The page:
The transitions in the movie are amazing. Gunn uses bits of background pieces as title cards and it works for this movie quite well I think. It goes a long way to keep the comic book feel throughout a film that comes in hot and heavy with gruesome killings and loads of crude language and behavior. There’s a scene where the blood of a victim creates one of these very title cards and I gasped because it honestly is so unexpected.
Gunn also chooses to create great scenes that partner dialogue with action without sacrificing either. Most of it happens between all characters and John Cena’s Peacemaker. Cena is fantastic in this comedic role that he takes very seriously. He’s all about peace no matter what he has to do in order to obtain it. Even if it turns him into a maniacal serial killer made to live out his days doing the bidding of Amanda Waller.
The Women of The Suicide Squad
Almost every single woman with billing in this movie is important. I’m not joking. Even the women whose names we don’t know.
The three main female characters are Amanda Waller, Harley Quinn, and Ratcatcher 2. We’re all aware of the backstory of Harley Quinn, played all too well by Margot Robbie, and we get a bit of a backstory with Ratcatcher 2, played exceptionally by Daniela Melchior. We still haven’t seen on screen why Amanda Waller is as cutthroat as she is, and I’ll go on record saying I would LOVE to see an origin story for her.
The women and their storylines are allowed to exist without the need for a strong male to come and save them. They do the saving themselves and they work cohesively with others in order to make things happen.
Does The Suicide Squad Earn its ‘R’ Rating?
Yes. Yes, it does fully and gleefully. Between the on-screen deaths the two full-frontals of both men and women, and the colorful language sprinkled through the film, the ‘R’ rating is well earned. It’s right along the lines of Deadpool and even as someone who doesn’t swear, it makes me happy to have a comic film that my children won’t be tagging along to the show to see with me.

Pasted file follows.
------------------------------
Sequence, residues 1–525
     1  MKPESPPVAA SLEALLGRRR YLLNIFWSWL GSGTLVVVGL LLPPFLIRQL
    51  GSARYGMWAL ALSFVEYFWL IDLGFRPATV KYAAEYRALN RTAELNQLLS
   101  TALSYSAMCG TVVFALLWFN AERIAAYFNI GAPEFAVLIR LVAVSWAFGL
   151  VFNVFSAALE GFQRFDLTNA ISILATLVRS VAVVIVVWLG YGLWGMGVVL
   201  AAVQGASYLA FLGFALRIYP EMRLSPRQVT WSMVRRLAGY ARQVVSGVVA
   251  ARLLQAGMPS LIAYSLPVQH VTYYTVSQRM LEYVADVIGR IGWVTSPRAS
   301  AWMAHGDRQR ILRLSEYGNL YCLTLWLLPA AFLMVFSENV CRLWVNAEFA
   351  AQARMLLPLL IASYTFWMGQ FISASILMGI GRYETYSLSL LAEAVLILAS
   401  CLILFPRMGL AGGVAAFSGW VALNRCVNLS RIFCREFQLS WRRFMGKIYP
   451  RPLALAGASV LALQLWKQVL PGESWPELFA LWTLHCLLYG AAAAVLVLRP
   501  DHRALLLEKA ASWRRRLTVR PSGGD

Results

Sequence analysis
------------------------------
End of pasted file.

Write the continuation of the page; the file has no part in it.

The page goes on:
Yes, I’m aware they can watch it on HBO Max, I’m not stupid. I just won’t pay a premium price to cart them along.
The anti-hero heroes
Idris Elba as Bloodsport gives us the cranky unapologetic bad guy we want. He acknowledges that there is no good in him and seems content with living that way. The character that won’t let him get away so easily is also a character he really hates and their continued battle through the movie makes for a nice little arc. His scenes with John Cena’s Peacemaker are some of the most laugh-out-loud scenes I’ve had the pleasure of viewing in a theater. There’s an expected who’s a better shot conversation that may last a smidge too long and give a lot of who has the bigger…well, you know, but with both actors deadpanning their characters as they deliver lines, it works well.
You will see cheesy slow montages and you will feel a little something for characters you shouldn’t really like. However, the fun of the movie is for once we get to root for the bad guys and maybe outwardly condemn the good ones.
Blink & You’ll Miss
Sylvester Stallone as King Shark. Listen, I SAW his name, and I KNEW which character he was playing, but King Shark was such a loveable carnivore, Stallone’s voice disappeared into the character.
The Suicide Squad clocks in at 2 hours 12 minutes and it doesn’t feel lagging at any point. The action and dialogue do a good job moving you from point to point. There are some weird cuts that we know come from post-editing, but it doesn’t take much away from the final product.
The Suicide Squad hits theaters on August 6 and will stream on HBO Max for 31 days from theater release.